Hockey blues subdue Olympic street party
Police close liquor stores early after revellers get rowdy
The party on the streets of downtown Vancouver was noticeably quieter after the defeat of Canada's star-studded men's hockey team by the underdog U.S. Olympic squad on Sunday night.
Following the 5-3 loss, thousands of dejected fans poured out of Canada Hockey Place, Olympic Live Sites and local bars, and many did not stick around to party.
"I'm very disappointed right now. We are a much better team, and we should have won," said one Canadian fan.
"It ain't over yet, and we'll definitely pull through in the end," said another.
Some U.S. fans were out celebrating, however, draped in their country's flag, cheering as they walked up and down Robson Street.
"We are still alive! The streets are awesome! Go America!" they shouted, as a few Canadian fans attempted to rally their dejected compatriots.
Liquor sales curtailed
Through the weekend, well over a 100,000 people each day flooded into the downtown core to take in the Olympic atmosphere, creating huge lineups at bars and the free pavilions set up for the Games.
After rowdy crowds led to some problems on Friday night, police shut down about 15 downtown liquor stores at 7 p.m. on Saturday and Sunday nights. Some of the stores normally stay until 11 p.m.
Vancouver police Chief Jim Chu said the move was necessary to maintain a family-friendly atmosphere on the packed streets.
"When the hoodlums take over the street, the families don't want to stay down here, the tourists don't want to stay. So we want to keep it as celebratory as we can. We want people to enjoy it, and that's why a lot of other people are out and about," said Chu.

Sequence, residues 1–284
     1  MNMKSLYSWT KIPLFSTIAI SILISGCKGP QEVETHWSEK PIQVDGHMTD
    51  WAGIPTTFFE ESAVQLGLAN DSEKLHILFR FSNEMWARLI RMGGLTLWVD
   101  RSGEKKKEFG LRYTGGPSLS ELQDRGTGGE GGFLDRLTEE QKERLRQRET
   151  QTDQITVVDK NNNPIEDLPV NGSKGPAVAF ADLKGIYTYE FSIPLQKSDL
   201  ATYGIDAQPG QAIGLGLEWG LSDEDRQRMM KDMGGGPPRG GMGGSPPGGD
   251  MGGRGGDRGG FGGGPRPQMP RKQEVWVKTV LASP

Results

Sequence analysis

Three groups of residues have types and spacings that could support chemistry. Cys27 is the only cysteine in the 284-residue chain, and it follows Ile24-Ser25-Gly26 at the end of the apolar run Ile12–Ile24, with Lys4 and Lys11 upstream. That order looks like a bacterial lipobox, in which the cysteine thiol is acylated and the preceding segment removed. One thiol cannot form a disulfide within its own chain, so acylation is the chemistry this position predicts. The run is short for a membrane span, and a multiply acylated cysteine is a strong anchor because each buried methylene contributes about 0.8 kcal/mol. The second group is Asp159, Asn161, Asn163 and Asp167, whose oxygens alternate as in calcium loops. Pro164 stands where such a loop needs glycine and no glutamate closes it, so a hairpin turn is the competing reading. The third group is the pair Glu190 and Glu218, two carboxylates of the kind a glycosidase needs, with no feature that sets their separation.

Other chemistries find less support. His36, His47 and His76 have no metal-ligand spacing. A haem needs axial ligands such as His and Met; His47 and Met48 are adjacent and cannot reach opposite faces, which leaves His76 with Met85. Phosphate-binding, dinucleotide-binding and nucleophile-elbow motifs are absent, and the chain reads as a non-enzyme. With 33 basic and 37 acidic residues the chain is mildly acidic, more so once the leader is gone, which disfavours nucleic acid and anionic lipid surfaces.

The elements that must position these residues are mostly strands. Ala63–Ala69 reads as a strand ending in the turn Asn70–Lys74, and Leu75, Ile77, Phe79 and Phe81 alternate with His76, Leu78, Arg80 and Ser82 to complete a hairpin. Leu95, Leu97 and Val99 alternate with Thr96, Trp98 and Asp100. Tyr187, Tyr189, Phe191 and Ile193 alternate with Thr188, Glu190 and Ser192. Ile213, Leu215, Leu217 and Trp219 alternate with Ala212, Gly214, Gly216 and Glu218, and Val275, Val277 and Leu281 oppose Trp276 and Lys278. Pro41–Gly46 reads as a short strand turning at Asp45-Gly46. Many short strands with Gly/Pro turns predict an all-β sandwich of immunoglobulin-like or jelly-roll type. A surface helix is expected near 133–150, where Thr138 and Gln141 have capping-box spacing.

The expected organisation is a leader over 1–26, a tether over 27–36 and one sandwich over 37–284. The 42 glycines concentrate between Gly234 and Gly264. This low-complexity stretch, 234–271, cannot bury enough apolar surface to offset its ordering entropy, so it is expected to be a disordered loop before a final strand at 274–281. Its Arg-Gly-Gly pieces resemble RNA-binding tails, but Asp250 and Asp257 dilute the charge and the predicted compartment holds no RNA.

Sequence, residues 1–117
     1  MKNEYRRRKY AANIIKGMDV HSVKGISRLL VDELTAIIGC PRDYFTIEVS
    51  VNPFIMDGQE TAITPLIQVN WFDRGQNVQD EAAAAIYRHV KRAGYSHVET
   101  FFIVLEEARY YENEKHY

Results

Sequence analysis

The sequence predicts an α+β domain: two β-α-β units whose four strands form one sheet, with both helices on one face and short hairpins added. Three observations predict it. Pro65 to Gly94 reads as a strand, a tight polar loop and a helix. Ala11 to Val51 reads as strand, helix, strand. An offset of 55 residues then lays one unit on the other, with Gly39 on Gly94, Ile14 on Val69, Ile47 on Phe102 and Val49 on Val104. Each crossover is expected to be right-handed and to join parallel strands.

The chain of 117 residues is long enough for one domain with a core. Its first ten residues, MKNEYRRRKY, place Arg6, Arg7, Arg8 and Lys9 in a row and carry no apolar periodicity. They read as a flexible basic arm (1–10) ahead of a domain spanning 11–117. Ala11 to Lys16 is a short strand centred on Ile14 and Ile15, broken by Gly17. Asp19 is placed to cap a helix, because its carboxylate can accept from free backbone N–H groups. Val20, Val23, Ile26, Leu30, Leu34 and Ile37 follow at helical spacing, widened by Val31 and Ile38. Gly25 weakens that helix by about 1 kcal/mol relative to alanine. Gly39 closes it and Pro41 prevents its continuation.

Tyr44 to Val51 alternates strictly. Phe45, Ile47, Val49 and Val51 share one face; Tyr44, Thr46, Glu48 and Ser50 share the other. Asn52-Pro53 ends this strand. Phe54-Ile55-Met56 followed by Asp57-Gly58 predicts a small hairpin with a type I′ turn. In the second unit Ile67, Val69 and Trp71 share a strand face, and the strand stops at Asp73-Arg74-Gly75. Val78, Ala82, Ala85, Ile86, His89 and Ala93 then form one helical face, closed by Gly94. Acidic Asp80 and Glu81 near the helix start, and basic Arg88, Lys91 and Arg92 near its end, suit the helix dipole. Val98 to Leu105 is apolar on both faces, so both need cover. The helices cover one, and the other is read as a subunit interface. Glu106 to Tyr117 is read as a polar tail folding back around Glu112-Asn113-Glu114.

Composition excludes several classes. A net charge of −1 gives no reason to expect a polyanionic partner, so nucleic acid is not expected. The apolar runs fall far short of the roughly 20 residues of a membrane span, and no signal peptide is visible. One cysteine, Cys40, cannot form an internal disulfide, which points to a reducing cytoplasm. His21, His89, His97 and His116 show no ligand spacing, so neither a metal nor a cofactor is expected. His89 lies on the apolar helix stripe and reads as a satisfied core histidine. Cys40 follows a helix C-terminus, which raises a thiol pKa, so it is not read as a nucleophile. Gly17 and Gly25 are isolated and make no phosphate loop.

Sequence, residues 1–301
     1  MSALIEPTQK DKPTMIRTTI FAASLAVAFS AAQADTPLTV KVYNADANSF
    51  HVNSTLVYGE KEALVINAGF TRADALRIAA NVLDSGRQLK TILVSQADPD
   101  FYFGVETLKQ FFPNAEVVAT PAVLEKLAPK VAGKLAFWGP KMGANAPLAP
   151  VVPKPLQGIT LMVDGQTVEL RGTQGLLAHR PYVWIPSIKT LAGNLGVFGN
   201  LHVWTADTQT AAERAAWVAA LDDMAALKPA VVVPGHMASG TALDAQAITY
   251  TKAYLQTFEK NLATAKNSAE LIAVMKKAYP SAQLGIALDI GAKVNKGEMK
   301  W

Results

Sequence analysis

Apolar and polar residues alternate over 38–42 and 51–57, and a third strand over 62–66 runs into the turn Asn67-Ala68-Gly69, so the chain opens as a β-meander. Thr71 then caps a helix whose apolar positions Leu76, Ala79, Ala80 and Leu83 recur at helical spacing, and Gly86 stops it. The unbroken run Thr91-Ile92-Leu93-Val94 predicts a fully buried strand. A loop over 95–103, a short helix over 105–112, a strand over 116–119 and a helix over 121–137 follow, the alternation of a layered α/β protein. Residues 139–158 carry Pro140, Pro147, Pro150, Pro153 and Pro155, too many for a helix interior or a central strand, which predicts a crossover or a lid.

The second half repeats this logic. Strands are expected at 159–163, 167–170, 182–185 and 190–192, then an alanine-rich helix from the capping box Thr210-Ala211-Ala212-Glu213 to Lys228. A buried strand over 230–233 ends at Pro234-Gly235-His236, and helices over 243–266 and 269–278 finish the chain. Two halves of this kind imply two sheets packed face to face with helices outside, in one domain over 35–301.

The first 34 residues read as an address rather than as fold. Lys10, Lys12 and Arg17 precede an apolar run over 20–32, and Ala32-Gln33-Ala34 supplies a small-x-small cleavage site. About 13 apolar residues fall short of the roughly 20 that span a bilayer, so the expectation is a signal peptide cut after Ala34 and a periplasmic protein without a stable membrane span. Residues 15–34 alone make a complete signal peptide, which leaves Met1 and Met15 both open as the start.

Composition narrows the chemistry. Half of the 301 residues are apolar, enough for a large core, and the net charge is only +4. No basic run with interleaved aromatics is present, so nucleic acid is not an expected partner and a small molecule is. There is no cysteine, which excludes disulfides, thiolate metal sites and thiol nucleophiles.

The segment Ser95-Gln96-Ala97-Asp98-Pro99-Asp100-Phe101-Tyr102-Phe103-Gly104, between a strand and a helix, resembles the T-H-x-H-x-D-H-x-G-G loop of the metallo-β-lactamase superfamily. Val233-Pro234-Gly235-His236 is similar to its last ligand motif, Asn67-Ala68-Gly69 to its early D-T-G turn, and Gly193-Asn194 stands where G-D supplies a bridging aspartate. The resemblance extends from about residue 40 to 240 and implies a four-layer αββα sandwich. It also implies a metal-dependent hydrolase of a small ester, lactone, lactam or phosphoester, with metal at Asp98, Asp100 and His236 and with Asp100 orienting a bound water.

Private liquor store operators weren't happy about the early shutdown, but police said the closures made a significant impact in the number of liquor "pour-outs" on city streets.
Bigger crowds expected
Police haven't said for how long the early closures will last, but Const. Lindsey Houghton did confirm police were not planning to implement the restrictions on Monday night.
But the crowds are expected to be even bigger when Canada plays Germany on Tuesday, and police will be ready, no matter what the outcome of the game, she said.
"We all want to see Canada win, but if they lose, there will be a lot of disappointed people no doubt, but our police officers will be downtown with smiles [and] hopefully be able to cheer some people up," said Houghton.
With the win on Sunday night, the U.S. team received a bye into the quarter-finals on Wednesday, while Canada was relegated to a qualification match on Tuesday.
The U.S. team's third straight victory in the Olympic tournament came as a surprise to many. Even the team's own general manager, Brian Burke, had described the young team as underdogs going into the 2010 Winter Games.
The Canadians will meet Germany, and a win would advance them to a quarter-final match against Alexander Ovechkin and Russia on Wednesday.